I've bumped into a highly-customized Active Directory environment (2003 FL) that's got me wondering if there's any particularly easy way to figure out what a custom attribute's function is, and what, if anything, is "using" that particular attribute. And then what some good options for potentially removing custom attributes from the schema might be. Aside from a restore or starting from scratch. If such an option exists.

For example, I think I can be fairly certain what the "isDumbass" attribute with a value of TRUE means, but not so much with "IRPextCONST", containing a value of 393684. Likewise, I'd think it should be pretty safe to delete the "isDumbass" attribute, but would like to a) be sure and b) find out what's querying or updating that value anyway, because I suspect that anything using that attribute might be next on the list of things to remove. Ideally, without having to run a search on the contents of every custom script and bit of source code I can get my hands on, of course.

And finally, aside from rebuilding from scratch, or doing an authoritative AD restore from backups that don't exist... is there a way to delete a given custom attribute? (Not blank the value, but actually delete the attribute from the schema - some folks would rather not have attributes like [redacted] hanging around.) I've been able to find and successfully test a method on Windows 2k, but it seems like Microsoft disabled this option in SP4, and the domain in question is a 2003 functional level.

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    I for one vote for moving isDumbass into the official Active Directory schema. FaggotMeter is derogatory towards gay people, so I'll skip that one, but DouchebagCounter seems like another good candidate. – Mark Henderson Jun 20 '12 at 20:32
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    It does make it a lot easier to tell who pissed off the sysadmin, and which users probably shouldn't have computers... but a lot of the suits and HR people want even the useful derogatory attributes gone nonetheless. Oddly, a lot of their dumbass booleans got set to TRUE. Go figure. – HopelessN00b Jun 20 '12 at 20:41
  • Personally, I'd go for the rebuild from scratch, on the grounds that there's no way to know what other little surprises the prior admins might have left behind. – Harry Johnston Jun 21 '12 at 3:03
  • Harry, that's a brilliant idea (I know because I recommended the same thing), but it's not an option because it would either cost too much money and/or it would take too long and result in too much downtime for the suits. – HopelessN00b Jun 21 '12 at 17:20

As for finding what's using the attributes, I think your best hope is some rather severe logging of the directory service access events by enabling the setting for it in the audit config of the Domain Controllers GPO, as well as setting aggressive audit ACLs to inherit throughout the domain. The logs will likely get very noisy.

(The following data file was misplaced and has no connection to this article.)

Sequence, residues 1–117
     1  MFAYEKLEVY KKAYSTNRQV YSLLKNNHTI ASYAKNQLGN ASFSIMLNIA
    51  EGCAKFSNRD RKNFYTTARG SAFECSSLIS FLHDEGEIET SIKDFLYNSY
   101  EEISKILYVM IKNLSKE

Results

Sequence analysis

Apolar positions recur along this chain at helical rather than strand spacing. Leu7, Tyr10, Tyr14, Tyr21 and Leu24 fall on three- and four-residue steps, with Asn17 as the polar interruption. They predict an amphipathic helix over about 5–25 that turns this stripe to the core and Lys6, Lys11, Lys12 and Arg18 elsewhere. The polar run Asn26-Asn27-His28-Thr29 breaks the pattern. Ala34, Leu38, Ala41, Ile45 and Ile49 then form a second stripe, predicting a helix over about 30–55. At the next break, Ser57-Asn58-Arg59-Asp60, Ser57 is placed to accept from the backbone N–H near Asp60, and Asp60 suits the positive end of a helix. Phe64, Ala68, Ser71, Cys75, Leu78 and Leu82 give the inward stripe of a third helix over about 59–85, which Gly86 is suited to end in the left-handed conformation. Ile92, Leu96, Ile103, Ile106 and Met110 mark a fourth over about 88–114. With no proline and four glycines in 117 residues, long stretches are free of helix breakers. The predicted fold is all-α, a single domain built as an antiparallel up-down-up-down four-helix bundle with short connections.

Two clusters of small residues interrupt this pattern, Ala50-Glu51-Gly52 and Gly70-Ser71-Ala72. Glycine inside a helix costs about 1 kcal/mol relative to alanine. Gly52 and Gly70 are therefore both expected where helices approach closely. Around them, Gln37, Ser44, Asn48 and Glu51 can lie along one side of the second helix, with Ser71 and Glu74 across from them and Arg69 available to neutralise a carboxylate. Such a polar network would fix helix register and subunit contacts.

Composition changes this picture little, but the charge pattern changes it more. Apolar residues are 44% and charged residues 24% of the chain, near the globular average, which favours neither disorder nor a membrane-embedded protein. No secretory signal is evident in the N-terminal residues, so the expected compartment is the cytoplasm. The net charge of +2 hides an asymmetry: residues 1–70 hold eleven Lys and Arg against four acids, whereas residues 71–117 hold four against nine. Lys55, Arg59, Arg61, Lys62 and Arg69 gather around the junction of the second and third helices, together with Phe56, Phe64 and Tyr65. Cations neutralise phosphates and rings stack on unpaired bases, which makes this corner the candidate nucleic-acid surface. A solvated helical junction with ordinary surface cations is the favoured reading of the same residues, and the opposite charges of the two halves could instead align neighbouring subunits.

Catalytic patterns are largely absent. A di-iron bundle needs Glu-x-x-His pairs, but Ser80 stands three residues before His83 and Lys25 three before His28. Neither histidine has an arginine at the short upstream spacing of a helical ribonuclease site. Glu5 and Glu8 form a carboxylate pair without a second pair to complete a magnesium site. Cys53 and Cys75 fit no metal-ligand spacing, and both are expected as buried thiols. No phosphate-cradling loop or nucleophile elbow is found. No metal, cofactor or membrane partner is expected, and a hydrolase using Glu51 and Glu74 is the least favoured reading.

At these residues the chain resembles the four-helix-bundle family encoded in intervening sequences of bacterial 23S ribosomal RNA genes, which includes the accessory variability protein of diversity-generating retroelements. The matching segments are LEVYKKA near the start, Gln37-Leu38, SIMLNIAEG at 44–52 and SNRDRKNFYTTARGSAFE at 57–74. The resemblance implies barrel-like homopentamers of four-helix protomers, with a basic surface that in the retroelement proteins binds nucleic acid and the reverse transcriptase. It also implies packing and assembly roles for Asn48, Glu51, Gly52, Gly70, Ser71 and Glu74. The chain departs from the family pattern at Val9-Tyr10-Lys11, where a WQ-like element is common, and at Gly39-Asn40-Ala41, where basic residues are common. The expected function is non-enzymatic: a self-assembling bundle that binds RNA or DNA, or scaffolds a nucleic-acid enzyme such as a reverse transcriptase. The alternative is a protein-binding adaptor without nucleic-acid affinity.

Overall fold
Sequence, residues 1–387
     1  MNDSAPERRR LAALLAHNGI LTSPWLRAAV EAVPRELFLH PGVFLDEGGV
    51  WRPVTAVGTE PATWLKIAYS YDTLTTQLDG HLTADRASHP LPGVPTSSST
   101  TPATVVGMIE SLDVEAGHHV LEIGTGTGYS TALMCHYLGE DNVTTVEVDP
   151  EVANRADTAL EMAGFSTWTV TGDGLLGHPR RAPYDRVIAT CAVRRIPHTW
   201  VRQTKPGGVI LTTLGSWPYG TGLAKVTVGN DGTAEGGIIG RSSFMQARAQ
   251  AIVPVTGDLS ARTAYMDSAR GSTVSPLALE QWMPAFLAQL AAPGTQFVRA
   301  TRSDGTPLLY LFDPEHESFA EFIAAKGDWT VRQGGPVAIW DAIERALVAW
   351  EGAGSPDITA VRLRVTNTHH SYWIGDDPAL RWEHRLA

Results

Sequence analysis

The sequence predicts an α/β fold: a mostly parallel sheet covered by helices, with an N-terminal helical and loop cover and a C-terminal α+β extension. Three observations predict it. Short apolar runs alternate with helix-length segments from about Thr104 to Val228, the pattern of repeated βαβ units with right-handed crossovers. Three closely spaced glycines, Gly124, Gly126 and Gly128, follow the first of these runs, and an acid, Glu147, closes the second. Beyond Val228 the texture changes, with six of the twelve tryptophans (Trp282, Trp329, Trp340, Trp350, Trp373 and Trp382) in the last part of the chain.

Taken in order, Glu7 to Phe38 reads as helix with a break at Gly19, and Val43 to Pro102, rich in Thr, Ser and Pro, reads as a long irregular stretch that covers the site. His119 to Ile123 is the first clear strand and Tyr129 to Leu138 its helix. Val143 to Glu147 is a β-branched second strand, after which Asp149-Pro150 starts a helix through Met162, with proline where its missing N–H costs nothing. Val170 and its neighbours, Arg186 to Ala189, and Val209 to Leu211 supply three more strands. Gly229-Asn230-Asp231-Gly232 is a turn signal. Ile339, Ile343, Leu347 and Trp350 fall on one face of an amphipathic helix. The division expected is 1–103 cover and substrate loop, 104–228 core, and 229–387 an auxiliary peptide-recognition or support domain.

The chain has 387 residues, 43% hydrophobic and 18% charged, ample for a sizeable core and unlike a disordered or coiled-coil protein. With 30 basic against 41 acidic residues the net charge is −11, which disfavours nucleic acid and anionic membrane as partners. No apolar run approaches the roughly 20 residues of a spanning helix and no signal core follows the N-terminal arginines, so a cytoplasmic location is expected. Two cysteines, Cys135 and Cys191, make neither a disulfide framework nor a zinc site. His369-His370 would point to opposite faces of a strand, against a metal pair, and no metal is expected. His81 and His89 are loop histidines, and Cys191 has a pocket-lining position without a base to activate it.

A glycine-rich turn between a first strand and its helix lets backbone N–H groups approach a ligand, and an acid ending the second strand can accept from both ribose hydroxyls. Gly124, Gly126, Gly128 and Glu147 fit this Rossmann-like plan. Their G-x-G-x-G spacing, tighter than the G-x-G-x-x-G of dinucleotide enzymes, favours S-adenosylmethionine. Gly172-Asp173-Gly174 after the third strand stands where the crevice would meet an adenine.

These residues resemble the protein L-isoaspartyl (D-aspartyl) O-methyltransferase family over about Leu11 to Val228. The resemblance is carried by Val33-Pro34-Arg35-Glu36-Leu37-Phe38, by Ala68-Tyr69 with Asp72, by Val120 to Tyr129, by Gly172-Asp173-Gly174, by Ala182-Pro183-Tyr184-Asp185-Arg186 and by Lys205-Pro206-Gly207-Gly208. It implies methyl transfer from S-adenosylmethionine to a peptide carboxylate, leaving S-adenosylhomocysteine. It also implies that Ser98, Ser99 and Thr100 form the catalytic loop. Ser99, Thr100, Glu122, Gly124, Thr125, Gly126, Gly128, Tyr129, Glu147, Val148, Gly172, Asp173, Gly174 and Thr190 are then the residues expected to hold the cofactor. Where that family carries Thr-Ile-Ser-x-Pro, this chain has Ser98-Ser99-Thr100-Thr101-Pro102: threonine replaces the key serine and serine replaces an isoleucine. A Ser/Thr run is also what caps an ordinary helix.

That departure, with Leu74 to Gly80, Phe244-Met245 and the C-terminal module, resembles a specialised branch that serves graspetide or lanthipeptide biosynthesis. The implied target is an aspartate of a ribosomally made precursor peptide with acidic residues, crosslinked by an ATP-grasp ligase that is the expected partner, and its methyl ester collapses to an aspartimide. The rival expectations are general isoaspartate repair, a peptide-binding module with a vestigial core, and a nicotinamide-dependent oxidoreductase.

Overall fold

If possible, the new Directory Services auditing features in 2008 might be a great help in this process; get a 2008 domain controller if you can!

When you're ready to get rid of those schema modifications - there's unfortunately no way to actually purge all memory of a schema modification, but you can at least halt its use and make it appear to be deleted.

You'll modify the attribute object in the schema to have an isDefunct value of TRUE; this can be done through ADSIEdit or the Active Directory Schema snap-in. See the "Removing Information from the Schema" section of this documentation for more info.

If you're not 100% certain that an attribute is out of use, it's ok to try making it defunct; you can reverse the change by setting isDefunct back to FALSE (the old values will still be there when it's reactivated). Definitely go down the auditing path if possible first, but the option is there.

  • Setting the attribute to defunct just might be enough... thanks! – HopelessN00b Jun 21 '12 at 17:33

No, AD schema attributes should be considered permanent.

If you only want the attribute to not appear in the Attribute Editor tab, or other dialogs where an object may present the list of possible attributes, you may want to try editing the User class object in AD Schema MMC, and removing the attribute from the list of optional attributes. You would need to right-click on the Schema root and select "Reload the schema" for it to take effect, or wait five minutes for the domain controller to reload the schema.

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